In 1983, a wealthy American wandered into the Royal Shakespeare Company in Stratford-upon-Avon in England. He saw a scale model of a new theater that the company hoped to build, if only it had the money. The American said he would underwrite the project, but he wanted to remain anonymous.
Three years later, Queen Elizabeth II presided at the opening of the new Swan Theater. The American, Frederick R. Koch, who had built the theater for $2.8 million, stood by her side. But she respected his wish for privacy: She thanked “our generous benefactor” — but did not name him.
Koch (pronounced coke) kept a low profile for most of his life. When the news media mentioned him at all, it was usually in passing in reports about his three hard-charging billionaire younger brothers: Charles and David, who ran Koch Industries, the industrial behemoth founded by their father, and bankrolled libertarian causes; and William, David’s twin, an eclectic entrepreneur, collector and yachtsman who won the 1992 America’s Cup. (David died in August at 79.)
Frederick, who bore the aspect of an Edwardian gentleman, had little in common with his brothers. He devoted himself not to oil, the bedrock of Koch Industries, or to politics, but to the arts and historic preservation.
Koch died Wednesday at his home in Manhattan, where he had lived, as he preferred, in relative anonymity. He was 86. John Olsen, his friend and longtime assistant, said the cause was heart failure.
As an adult, Frederick, known as Freddie, rarely saw his brothers, except in court. In the 1980s and ’90s, the four were embroiled in what Fortune magazine called “perhaps the nastiest family feud in American business history,” with Charles and David, two of the richest people in the world, allied against William and Frederick.
While Frederick did not share the family’s corporate ethos, he did share, to a lesser degree, its immense wealth. This allowed him to pursue his own interests. A philanthropist and patron of the arts, he amassed extensive collections of literary and musical manuscripts, rare books, photographs and fine and decorative arts. His prized possessions included Marie Antoinette’s canopied bed.
He also collected manor houses in Europe and the United States. The crown jewel was a 150-room castle in Austria once owned by Archduke Franz Ferdinand, whose assassination in 1914 touched off World War I. The archduke used the castle, known as Blühnbach, as a hunting lodge; Koch used it for decades as his summer retreat. It provided easy access to the Salzburg Festival, which he attended every year.
Fred’s spurning of the family business helped fuel the disappointment that Fred Chase Koch, a self-made man and rugged individualist, felt toward his oldest son.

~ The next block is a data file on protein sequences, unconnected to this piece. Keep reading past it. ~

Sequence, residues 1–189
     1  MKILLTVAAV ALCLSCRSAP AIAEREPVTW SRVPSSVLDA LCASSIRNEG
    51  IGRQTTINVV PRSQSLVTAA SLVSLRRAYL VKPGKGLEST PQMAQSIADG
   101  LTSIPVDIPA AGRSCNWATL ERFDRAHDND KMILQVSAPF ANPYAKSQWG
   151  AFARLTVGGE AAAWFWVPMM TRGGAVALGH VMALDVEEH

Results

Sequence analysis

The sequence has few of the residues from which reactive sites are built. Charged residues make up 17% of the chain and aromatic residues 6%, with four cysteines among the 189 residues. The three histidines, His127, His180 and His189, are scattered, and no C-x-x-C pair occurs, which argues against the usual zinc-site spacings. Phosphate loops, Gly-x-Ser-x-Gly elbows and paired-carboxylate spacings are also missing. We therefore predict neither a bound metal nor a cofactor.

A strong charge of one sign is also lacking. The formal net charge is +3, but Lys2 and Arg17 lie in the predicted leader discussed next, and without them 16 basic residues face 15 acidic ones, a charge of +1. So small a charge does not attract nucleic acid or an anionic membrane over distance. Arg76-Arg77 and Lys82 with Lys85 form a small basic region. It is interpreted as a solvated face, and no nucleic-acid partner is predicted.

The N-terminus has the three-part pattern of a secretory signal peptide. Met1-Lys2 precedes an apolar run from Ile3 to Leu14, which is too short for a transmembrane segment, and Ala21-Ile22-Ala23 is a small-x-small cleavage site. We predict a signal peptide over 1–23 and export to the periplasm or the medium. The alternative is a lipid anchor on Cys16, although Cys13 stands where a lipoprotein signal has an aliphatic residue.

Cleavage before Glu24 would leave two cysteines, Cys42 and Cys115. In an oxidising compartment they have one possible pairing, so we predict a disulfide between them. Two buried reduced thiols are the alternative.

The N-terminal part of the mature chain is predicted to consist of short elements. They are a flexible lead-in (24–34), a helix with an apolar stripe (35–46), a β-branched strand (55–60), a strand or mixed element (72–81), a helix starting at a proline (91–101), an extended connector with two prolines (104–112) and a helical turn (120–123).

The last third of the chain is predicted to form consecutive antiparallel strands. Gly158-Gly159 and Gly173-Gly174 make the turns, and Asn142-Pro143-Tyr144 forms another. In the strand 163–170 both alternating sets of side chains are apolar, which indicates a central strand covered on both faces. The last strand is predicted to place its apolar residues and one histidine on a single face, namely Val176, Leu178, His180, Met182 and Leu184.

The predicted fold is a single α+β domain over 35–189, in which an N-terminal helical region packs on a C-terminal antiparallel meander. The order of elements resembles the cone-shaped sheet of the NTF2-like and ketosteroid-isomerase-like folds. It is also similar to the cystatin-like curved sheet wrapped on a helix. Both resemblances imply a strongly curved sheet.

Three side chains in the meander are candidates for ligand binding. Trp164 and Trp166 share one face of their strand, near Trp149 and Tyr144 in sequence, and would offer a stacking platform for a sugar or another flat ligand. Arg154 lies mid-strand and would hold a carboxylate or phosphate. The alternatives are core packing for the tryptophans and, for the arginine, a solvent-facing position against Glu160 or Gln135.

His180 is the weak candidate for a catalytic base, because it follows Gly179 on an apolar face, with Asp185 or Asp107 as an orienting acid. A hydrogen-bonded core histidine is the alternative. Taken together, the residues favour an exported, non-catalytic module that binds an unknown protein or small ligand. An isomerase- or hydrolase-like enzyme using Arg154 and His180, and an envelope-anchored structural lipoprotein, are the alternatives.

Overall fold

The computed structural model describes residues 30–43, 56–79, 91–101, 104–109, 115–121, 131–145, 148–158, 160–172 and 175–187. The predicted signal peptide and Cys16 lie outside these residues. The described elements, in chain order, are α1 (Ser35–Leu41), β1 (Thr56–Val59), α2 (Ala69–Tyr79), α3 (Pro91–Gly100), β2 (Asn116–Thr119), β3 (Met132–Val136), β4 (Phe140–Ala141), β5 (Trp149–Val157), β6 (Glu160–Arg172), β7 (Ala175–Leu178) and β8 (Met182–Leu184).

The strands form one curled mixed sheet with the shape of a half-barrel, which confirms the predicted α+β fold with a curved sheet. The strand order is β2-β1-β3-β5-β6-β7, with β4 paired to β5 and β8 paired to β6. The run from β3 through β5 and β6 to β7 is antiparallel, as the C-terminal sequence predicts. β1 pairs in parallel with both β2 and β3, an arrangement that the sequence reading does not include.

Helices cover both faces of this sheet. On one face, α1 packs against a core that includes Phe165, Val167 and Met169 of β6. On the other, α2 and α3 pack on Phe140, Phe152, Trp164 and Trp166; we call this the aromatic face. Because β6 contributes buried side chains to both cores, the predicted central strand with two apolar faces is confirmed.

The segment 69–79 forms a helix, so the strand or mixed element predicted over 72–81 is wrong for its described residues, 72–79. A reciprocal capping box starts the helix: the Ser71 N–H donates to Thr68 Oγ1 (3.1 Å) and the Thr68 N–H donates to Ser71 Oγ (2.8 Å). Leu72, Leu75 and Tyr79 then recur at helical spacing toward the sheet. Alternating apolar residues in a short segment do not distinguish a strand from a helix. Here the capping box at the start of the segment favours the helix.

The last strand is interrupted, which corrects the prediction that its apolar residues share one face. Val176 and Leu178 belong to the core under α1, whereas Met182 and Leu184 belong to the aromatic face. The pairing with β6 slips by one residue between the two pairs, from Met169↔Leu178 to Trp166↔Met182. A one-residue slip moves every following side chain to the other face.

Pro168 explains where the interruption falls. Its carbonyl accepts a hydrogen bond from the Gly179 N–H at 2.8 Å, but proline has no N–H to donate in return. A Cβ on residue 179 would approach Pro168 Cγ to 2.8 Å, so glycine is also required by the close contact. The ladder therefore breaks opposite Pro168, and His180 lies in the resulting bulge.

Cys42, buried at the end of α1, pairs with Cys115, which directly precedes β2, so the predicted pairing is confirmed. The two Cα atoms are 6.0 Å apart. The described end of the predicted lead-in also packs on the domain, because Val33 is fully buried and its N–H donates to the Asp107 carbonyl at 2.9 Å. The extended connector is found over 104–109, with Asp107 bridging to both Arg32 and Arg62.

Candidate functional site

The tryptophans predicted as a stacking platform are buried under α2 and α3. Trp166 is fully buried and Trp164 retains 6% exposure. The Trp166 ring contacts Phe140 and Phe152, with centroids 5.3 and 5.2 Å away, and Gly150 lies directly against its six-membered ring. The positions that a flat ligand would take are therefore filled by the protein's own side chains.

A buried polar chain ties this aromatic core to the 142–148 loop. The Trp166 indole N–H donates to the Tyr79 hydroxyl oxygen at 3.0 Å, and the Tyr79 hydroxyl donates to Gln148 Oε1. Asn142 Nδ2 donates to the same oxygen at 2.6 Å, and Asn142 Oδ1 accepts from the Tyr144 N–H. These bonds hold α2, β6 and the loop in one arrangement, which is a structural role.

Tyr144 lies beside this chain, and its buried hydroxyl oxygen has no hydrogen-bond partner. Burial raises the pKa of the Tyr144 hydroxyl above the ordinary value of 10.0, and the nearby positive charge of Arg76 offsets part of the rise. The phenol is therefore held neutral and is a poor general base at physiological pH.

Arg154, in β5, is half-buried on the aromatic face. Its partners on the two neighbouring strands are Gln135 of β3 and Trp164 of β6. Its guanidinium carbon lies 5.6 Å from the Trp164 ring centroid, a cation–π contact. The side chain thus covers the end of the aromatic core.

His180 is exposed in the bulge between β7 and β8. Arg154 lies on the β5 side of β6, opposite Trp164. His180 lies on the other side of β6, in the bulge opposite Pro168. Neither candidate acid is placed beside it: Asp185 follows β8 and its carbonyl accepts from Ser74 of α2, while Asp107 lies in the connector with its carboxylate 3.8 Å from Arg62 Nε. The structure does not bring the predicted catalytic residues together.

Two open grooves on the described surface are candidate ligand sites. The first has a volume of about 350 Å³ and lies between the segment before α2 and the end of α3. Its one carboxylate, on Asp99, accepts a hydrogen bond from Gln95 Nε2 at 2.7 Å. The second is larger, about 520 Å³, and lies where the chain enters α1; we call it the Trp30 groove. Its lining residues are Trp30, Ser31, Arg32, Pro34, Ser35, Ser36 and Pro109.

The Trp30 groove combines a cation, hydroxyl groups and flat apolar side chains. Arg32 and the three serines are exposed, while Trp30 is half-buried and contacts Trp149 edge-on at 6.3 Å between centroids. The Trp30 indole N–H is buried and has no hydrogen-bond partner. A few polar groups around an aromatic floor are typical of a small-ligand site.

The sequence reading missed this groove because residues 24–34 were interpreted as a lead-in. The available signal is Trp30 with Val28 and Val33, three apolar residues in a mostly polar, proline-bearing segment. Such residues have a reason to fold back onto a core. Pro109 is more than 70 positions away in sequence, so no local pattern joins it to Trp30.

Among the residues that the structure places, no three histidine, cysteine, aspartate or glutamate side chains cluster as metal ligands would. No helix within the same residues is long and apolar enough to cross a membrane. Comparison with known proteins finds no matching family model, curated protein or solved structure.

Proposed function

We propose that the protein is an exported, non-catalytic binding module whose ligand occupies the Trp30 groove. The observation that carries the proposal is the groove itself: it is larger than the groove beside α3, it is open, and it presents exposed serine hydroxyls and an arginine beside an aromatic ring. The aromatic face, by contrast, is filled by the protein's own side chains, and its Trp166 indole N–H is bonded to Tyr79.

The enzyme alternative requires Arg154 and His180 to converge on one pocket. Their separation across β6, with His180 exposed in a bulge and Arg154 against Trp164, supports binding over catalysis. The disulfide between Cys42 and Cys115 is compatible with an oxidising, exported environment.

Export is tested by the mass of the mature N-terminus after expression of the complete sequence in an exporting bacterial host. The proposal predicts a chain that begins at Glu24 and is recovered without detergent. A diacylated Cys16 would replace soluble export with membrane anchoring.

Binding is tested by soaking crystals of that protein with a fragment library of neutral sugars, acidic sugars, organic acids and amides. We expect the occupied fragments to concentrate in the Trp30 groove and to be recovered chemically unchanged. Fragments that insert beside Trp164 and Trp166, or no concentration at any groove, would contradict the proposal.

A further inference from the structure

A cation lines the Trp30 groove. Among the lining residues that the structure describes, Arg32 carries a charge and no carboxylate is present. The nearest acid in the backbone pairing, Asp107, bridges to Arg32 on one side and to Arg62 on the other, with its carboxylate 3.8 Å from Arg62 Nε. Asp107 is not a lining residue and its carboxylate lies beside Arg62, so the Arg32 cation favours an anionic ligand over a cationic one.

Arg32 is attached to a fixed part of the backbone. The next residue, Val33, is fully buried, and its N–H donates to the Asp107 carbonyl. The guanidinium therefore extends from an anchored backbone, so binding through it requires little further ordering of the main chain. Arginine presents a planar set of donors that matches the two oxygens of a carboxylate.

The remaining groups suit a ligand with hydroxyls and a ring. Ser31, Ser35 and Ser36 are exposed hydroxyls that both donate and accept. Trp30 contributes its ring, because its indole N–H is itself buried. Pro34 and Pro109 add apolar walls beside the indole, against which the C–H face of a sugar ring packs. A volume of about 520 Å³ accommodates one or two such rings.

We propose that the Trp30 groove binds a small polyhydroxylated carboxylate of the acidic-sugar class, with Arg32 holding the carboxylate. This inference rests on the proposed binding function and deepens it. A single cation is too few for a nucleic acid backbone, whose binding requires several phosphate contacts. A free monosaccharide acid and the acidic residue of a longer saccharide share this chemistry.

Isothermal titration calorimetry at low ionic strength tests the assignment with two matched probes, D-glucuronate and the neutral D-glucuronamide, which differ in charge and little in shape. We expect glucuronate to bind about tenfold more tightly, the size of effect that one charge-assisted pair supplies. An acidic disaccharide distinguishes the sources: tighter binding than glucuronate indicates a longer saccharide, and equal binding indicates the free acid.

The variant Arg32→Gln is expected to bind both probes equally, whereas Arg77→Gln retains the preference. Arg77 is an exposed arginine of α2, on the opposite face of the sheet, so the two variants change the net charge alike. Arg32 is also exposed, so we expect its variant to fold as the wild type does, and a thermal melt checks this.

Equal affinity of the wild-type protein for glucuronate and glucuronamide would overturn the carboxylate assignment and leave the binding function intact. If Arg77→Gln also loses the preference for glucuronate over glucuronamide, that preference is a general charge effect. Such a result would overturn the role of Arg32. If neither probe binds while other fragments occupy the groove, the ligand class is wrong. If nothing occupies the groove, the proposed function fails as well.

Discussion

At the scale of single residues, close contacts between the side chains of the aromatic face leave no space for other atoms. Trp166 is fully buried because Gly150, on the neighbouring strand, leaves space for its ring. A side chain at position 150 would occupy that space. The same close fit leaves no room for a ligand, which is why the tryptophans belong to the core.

“Father wanted to make all his boys into men, and Freddie couldn’t relate to that regime,” Charles Koch told the now-defunct Fame magazine in 1989.
William Koch, known as Bill, said in an interview for this obituary: “When Freddie was born, he was delicate, he liked the arts, he was a singer and loved poetry. He didn’t want to play baseball.”
And when their father sent the boys to ranches to toughen them up, he rebelled. “Instead of baling hay,” Bill said, “Freddie would hide in the hayloft.”
Bill Koch said that years later, their father discovered that $700 in traveler’s checks were missing and believed that Frederick, who was visiting his parents at the time, had stolen them. Frederick later told Bill that he had not. In any case, their father was furious and, after a lifetime of frustration with his namesake, considered this to have been the last straw.
“He threw Freddie out of the house and cut him out of his will,” Bill said. Through a trust, however, his father, who died in 1967, left Frederick 14% of the company’s stock.
That inevitably tied his fate to that of the conglomerate, which today, according to Forbes, is the second-largest privately held company in the country, with annual revenues of $110 billion. The Kochs are the nation’s third-richest family, worth $125 billion.
By 1980, the brothers, always competitive with one another, were engaged in open warfare over the fate of the company. Much of it was driven by Bill, who enlisted the support of Frederick and a half-dozen other shareholders who wanted to take the company public so that they could convert their stock to cash. Charles saw their moves as a takeover attempt, and the Board fired Bill, leading to a lawsuit and 18 years of legal skirmishing.
In 1983, Koch Industries — essentially Charles and David — settled with Bill, Frederick and the other dissident shareholders for $1.1 billion, with $470 million going to Bill and $330 million to Frederick.
But as Fame magazine put it, “all the money in the world hasn’t been enough to keep the family from falling apart.”